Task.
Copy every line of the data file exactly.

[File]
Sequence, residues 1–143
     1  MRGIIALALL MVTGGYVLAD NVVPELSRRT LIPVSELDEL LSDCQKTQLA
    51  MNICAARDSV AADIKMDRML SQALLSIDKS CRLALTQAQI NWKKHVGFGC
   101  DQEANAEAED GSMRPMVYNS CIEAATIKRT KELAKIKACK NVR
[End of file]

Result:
Sequence, residues 1–143
     1  MRGIIALALL MVTGGYVLAD NVVPELSRRT LIPVSELDEL LSDCQKTQLA
    51  MNICAARDSV AADIKMDRML SQALLSIDKS CRLALTQAQI NWKKHVGFGC
   101  DQEANAEAED GSMRPMVYNS CIEAATIKRT KELAKIKACK NVR